- Yes, good point. I guess what I meant to say is that I think it only 25% probable that anyone will successfully build working Drexlerian-style powerful dry nanomachines in the next 100 years. Now that you point it out, I agree that I have no evidence that the existence and function of such machines (if built) would be physically impossible.
On transhumanism, LessWrong, Yudkowsky, cryogenics / brain preservation / CLARITY
It seems a lot of transhumanists and transhumanist-adjacent rationalists believe that Drexlerian nanomachines are going to happen, when the current scientific consensus seems to be that it’s physically impossible. Am I misunderstanding the typical transhumanist position, the scientific consensus, or maybe both?
- John Schilling says:
- December 6, 2015 at 12:37 am
- Where do you find a scientific consensus about Drexlerian nanomachines being physically impossible? The general argument is that nanomachines are not ascribed any properties not already demonstrated by bacteria, and bacteria exist, so nanomachines physically can exist.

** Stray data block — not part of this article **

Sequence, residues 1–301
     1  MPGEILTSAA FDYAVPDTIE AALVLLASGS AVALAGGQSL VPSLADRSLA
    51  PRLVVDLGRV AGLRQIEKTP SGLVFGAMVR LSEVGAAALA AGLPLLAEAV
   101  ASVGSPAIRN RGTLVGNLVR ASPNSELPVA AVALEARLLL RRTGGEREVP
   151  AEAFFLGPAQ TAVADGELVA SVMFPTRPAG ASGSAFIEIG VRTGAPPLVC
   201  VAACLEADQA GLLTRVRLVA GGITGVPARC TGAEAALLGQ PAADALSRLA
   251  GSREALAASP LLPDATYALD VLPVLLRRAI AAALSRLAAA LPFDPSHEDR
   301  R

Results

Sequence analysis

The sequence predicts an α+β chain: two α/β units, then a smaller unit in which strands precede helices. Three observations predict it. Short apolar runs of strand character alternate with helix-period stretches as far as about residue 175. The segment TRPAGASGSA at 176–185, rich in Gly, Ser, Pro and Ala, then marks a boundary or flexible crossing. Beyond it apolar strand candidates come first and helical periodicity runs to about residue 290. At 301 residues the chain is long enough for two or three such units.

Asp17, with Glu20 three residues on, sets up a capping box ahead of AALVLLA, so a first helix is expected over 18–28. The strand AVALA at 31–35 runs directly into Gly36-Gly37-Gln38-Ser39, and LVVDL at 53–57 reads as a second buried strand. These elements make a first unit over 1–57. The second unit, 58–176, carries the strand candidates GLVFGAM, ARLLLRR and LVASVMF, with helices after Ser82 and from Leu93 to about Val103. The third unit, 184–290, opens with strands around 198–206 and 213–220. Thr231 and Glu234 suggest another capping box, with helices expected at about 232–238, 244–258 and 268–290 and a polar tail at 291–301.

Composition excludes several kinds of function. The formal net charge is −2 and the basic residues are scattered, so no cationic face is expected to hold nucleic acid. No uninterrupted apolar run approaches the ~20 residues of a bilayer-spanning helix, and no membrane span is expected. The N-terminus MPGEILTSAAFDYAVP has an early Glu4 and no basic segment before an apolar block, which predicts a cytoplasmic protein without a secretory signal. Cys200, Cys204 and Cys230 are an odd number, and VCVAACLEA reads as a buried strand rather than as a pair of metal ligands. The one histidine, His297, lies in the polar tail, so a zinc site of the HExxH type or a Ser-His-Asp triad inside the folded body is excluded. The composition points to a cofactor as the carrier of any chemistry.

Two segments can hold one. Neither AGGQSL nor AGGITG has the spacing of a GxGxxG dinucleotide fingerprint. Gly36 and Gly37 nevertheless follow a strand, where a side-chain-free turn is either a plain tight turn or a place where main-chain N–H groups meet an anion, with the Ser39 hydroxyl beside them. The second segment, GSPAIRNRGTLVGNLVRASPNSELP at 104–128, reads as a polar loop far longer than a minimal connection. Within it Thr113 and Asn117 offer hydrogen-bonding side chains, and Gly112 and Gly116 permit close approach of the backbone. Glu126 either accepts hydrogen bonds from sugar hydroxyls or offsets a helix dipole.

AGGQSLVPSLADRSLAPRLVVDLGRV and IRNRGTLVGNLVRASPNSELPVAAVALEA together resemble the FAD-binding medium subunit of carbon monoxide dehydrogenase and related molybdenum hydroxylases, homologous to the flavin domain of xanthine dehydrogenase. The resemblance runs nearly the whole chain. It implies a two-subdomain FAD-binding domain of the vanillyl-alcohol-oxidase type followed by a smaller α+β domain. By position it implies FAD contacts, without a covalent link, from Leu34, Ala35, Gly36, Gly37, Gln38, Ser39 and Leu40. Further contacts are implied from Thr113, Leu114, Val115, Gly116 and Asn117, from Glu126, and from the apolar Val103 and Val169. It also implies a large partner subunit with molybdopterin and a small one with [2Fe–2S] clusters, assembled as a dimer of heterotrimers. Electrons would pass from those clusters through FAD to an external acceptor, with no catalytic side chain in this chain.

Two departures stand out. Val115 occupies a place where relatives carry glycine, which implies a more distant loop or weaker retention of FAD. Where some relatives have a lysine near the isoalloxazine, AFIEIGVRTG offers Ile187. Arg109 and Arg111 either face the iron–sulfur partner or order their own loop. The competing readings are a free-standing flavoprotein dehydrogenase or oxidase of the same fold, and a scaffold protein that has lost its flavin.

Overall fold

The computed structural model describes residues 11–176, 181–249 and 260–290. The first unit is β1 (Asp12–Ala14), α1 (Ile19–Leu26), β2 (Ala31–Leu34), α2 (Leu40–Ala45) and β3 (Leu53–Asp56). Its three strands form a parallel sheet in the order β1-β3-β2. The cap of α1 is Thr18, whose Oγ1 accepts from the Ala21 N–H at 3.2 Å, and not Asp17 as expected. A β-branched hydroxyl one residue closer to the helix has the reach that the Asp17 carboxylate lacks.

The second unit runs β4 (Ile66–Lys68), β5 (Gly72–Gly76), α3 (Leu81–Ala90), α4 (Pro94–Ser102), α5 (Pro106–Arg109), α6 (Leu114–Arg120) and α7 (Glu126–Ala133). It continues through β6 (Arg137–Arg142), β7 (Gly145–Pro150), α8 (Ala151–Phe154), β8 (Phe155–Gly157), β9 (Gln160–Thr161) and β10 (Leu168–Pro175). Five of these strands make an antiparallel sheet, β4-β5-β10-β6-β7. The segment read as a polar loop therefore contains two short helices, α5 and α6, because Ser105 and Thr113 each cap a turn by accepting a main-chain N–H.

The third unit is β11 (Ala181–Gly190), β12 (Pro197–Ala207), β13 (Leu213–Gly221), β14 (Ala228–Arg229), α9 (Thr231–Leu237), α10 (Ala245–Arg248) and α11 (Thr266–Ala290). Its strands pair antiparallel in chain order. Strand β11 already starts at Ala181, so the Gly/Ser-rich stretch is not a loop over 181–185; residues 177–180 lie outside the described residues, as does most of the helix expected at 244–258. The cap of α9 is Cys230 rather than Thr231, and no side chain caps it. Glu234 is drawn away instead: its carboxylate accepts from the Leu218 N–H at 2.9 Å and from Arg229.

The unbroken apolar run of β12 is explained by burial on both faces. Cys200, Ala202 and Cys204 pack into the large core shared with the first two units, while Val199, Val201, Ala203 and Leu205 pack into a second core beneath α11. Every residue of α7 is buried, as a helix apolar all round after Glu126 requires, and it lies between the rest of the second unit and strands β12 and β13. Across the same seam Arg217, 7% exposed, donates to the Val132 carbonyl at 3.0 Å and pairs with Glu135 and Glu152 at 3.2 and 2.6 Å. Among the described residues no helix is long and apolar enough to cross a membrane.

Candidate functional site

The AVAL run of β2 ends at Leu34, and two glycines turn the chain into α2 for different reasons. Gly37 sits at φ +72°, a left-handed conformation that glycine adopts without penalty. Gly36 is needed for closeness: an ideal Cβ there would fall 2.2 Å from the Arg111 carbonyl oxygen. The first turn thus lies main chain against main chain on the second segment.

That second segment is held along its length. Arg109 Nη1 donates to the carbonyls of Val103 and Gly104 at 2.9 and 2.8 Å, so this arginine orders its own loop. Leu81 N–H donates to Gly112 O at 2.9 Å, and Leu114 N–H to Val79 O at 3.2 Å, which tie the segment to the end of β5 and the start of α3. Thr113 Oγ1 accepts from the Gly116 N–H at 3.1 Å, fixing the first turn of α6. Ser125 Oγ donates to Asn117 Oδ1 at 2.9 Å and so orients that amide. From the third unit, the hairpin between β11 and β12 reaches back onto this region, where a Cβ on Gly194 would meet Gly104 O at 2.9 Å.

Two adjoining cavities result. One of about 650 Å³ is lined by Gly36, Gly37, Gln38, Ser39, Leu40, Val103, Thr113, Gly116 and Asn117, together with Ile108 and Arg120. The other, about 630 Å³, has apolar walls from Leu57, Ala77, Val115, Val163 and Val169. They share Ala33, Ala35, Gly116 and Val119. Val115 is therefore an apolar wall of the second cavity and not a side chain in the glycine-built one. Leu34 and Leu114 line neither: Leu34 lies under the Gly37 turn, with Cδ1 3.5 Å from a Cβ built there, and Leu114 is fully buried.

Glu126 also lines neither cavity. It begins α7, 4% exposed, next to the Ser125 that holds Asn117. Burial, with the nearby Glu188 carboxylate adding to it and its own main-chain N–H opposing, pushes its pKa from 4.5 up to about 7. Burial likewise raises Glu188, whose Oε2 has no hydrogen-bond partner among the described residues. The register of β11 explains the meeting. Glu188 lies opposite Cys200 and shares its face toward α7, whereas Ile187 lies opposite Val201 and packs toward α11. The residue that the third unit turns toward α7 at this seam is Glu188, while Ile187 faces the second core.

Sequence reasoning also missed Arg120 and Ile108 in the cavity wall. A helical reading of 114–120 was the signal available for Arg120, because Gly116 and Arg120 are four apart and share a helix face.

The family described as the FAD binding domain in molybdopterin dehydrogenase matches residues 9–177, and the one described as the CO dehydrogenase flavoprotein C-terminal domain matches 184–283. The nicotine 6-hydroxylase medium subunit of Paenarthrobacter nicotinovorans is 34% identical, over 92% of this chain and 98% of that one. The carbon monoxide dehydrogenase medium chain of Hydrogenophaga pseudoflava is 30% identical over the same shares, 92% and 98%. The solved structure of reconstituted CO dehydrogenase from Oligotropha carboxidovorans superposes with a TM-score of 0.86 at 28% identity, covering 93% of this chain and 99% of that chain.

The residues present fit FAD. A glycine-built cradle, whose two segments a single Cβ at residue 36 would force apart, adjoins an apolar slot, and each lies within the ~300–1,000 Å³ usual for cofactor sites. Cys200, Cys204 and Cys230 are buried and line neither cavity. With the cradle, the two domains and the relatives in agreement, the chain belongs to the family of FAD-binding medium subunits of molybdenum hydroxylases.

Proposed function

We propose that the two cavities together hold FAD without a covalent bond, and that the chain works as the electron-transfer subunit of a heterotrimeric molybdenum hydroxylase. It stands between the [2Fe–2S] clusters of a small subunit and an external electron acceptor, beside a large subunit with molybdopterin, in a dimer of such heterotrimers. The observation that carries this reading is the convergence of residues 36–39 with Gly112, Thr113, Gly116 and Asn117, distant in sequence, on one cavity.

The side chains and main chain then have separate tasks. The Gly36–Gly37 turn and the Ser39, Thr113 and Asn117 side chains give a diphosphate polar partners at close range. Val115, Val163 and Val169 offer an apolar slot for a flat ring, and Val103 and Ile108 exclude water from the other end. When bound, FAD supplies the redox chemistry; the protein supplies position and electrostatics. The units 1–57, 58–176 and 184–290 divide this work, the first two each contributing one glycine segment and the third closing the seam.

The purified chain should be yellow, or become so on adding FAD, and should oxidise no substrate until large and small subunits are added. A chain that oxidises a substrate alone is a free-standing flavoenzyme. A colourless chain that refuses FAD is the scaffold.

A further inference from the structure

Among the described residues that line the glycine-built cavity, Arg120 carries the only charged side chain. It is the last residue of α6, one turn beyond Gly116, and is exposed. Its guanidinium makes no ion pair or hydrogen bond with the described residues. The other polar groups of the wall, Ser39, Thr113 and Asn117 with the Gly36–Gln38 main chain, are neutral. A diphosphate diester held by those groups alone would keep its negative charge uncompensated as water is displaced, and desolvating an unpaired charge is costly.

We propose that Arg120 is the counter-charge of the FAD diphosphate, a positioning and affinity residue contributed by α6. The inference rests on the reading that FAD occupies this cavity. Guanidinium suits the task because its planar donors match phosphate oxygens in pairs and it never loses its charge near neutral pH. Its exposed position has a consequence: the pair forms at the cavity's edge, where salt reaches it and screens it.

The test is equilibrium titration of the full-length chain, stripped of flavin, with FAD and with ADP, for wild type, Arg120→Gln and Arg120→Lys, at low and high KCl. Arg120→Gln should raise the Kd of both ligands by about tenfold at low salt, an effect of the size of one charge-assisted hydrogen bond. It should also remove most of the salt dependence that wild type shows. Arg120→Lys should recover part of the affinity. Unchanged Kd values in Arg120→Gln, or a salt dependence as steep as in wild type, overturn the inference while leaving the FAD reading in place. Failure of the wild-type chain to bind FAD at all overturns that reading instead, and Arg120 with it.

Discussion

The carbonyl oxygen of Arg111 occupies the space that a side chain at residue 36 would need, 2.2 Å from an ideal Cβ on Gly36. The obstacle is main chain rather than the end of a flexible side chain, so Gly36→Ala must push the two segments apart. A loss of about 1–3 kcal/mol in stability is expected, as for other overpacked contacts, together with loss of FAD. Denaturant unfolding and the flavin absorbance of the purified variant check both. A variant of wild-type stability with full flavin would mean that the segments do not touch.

- That we don’t have a clue how to design a bateria that spends its time doing microscopic bits of some arbitrary macroscopic project of interest to us, is another matter. Drexler and company are clearly a tad optimistic on the engineering side.
- Dr Dealgood says:
- December 6, 2015 at 12:38 am
- No, not really.
- Most of the big disconnects between lowercase-r rationality and uppercase-R Rationality come from their founder, who founded the group with the explicit goal of training people to be rational enough to agree with his extremely fringe views on things like AI and cryonics.
- Since most of his apocalypic AI scenarios rely heavily on it quickly devising and releasing something like Molecular Assemblers it makes sense that the idea was hardcoded into the Rationalist system despite not making much rational sense.
- Samuel Skinner says:
- December 6, 2015 at 12:52 pm
- You sure? Bioweapons as well as the long game fit fin in a doomsday AI fear.
- anon says:
- December 6, 2015 at 3:31 pm